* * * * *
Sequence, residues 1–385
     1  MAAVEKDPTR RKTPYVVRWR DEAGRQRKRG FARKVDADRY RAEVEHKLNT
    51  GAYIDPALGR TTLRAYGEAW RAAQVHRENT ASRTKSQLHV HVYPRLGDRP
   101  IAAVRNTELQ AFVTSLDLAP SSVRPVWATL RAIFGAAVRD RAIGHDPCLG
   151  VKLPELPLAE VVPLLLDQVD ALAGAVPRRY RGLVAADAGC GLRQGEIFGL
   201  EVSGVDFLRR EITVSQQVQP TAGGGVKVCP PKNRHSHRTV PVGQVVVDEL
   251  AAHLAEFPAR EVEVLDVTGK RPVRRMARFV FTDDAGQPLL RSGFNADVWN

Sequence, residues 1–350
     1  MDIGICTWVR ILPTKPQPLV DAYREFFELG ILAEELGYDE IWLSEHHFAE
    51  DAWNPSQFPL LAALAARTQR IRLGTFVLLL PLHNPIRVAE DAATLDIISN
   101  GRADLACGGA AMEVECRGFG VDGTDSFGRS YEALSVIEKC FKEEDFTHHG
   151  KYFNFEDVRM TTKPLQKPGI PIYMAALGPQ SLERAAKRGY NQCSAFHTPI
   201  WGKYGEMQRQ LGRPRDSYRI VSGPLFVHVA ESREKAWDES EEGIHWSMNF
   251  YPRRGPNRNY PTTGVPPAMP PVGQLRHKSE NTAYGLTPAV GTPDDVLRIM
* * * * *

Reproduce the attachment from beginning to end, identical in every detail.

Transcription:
Sequence, residues 1–385
     1  MAAVEKDPTR RKTPYVVRWR DEAGRQRKRG FARKVDADRY RAEVEHKLNT
    51  GAYIDPALGR TTLRAYGEAW RAAQVHRENT ASRTKSQLHV HVYPRLGDRP
   101  IAAVRNTELQ AFVTSLDLAP SSVRPVWATL RAIFGAAVRD RAIGHDPCLG
   151  VKLPELPLAE VVPLLLDQVD ALAGAVPRRY RGLVAADAGC GLRQGEIFGL
   201  EVSGVDFLRR EITVSQQVQP TAGGGVKVCP PKNRHSHRTV PVGQVVVDEL
   251  AAHLAEFPAR EVEVLDVTGK RPVRRMARFV FTDDAGQPLL RSGFNADVWN

Sequence, residues 1–350
     1  MDIGICTWVR ILPTKPQPLV DAYREFFELG ILAEELGYDE IWLSEHHFAE
    51  DAWNPSQFPL LAALAARTQR IRLGTFVLLL PLHNPIRVAE DAATLDIISN
   101  GRADLACGGA AMEVECRGFG VDGTDSFGRS YEALSVIEKC FKEEDFTHHG
   151  KYFNFEDVRM TTKPLQKPGI PIYMAALGPQ SLERAAKRGY NQCSAFHTPI
   201  WGKYGEMQRQ LGRPRDSYRI VSGPLFVHVA ESREKAWDES EEGIHWSMNF
   251  YPRRGPNRNY PTTGVPPAMP PVGQLRHKSE NTAYGLTPAV GTPDDVLRIM